Alan Hewitt, international benefits director at JLT Employee Benefits, says: “Employers should not be putting the fear of God into their staff in different countries, because quite often, when organisations go out to conduct research of employee benefits programmes, there is a hesitation to participate at local level because there is a fear that the employer will come along and start reducing benefits.”
Employers should clearly outline the intentions of an audit and what the organisation is trying to achieve. For example, an employer may be striving to provide the same level of, or perhaps more, benefits at a more competitive price by using the organisation’s global purchasing power and working with fewer advisers.
Data collection is one of the biggest challenges employers face in a global benefits audit.
Hewitt adds: “With the best will in the world, employees will provide data in various forms, such as online and paper questionnaires and email.”
The process can then take several months to complete, depending on the size of the country and the number of staff involved.
Determining an appropriate level of benefits can also be a challenge, particularly if employers do not have enough information about a country’s local benefits provision.
“Employers can end up with inappropriate benefits in some cases, and inconsistency,” says Towers Watson’s Hill. “For example, they may end up with too rich a set of benefits.”
Employers can ease the administrative headache of providing benefits for small numbers of employees working across a number of countries by using a cash-based approach that enables staff to buy their own benefits locally.
Hill adds: “This places the emphasis on the employee, but it can be a more efficient way of dealing with benefits than employers trying to set up a policy for a couple of employees.”
But a danger of this approach is that employees become preoccupied with managing their benefits, rather than helping to establish their business in the new territory, says Hill.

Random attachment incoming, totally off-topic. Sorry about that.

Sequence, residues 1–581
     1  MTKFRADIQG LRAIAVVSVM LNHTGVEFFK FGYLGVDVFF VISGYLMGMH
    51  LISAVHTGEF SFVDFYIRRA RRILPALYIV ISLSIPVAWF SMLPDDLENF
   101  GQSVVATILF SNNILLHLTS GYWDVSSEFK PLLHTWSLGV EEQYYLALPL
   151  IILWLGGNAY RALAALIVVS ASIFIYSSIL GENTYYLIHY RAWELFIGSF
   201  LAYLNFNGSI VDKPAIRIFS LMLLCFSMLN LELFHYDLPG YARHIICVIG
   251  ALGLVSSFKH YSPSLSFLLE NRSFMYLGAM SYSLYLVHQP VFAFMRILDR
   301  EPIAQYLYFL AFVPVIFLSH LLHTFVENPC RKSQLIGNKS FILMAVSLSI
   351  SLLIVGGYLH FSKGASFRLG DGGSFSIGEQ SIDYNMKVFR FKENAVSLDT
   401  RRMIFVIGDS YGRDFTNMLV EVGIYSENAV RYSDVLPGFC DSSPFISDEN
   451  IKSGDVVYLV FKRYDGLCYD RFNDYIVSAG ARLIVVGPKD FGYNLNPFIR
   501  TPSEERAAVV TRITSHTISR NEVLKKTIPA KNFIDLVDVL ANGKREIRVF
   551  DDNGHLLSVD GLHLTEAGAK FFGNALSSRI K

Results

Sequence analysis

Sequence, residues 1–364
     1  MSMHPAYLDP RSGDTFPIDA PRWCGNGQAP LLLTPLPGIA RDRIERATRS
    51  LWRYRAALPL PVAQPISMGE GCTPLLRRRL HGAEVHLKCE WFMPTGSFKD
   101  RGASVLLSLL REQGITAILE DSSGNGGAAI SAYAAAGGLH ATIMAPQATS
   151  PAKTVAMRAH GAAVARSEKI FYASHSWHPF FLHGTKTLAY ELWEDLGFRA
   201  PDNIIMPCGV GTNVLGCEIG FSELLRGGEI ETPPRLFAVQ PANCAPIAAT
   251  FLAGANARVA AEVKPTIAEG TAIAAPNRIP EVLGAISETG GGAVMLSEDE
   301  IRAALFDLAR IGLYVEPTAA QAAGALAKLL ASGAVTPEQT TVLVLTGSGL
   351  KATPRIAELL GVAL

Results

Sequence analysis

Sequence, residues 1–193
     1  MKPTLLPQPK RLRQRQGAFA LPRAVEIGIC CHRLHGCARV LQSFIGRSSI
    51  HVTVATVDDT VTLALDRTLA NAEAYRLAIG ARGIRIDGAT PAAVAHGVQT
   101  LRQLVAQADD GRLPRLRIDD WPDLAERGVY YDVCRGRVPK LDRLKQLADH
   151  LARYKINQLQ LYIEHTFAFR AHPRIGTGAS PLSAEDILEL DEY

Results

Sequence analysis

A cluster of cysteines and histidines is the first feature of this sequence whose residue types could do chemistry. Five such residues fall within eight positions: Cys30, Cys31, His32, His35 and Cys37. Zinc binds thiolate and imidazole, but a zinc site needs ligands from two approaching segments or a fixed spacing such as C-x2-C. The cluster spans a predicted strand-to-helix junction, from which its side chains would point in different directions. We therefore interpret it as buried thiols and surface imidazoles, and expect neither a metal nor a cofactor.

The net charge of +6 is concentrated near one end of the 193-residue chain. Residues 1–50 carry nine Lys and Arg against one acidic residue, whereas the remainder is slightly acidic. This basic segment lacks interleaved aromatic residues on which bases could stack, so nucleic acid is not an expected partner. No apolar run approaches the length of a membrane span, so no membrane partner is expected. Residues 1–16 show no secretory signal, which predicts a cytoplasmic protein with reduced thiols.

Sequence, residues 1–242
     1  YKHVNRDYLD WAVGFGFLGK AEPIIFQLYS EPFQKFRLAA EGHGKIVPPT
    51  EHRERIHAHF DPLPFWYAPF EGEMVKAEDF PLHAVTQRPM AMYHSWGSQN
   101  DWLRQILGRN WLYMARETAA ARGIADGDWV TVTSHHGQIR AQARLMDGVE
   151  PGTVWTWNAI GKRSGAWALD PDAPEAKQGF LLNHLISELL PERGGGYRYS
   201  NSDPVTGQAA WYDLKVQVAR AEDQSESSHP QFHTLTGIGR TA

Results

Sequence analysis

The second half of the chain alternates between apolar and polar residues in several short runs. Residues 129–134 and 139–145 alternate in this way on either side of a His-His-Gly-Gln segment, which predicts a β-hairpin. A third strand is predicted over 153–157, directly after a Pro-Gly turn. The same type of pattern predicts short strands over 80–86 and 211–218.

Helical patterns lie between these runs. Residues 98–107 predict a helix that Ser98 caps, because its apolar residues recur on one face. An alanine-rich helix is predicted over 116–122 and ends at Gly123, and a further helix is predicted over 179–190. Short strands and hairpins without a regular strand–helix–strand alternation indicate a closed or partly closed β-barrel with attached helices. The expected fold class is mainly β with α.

“Then there is a danger that employees don’t take up any benefits and employers have a reputational risk of staff being in a country and not having any [health] cover,” he adds.
Organisations may instead consider a blended approach, similar to a UK flexible benefits scheme , whereby employees can fund health cover above a basic level funded by their employer.
The Health Claims Bureau’s Gamble says employers should strive to develop an equal global benefits package as they expand overseas. “It’s not just about [employers] throwing £100 at each employee throughout the world, but whether they are going to make sure everybody has equal disability cover or pension arrangements ,” she says.
Whichever approach employers take, they should involve HR, benefits and reward professionals in every aspect of their global expansion strategy, alongside finance and global risk staff, right from the outset.
Hill adds: “The most most effective [organisations] in the mergers and acquisitions (M&A) space are those that have HR expertise within the due diligence and M&A function.”
Employees who understand the complexities of global mobility management, as well as managing multinational pooling contracts , are also key to any expansion programme.
But staff who understand how to assess whether the business benefits of global expansion outweight these complexities and costs, from global audits to staff relocation packages, are more important.
How alignment of global benefits leads to flexibility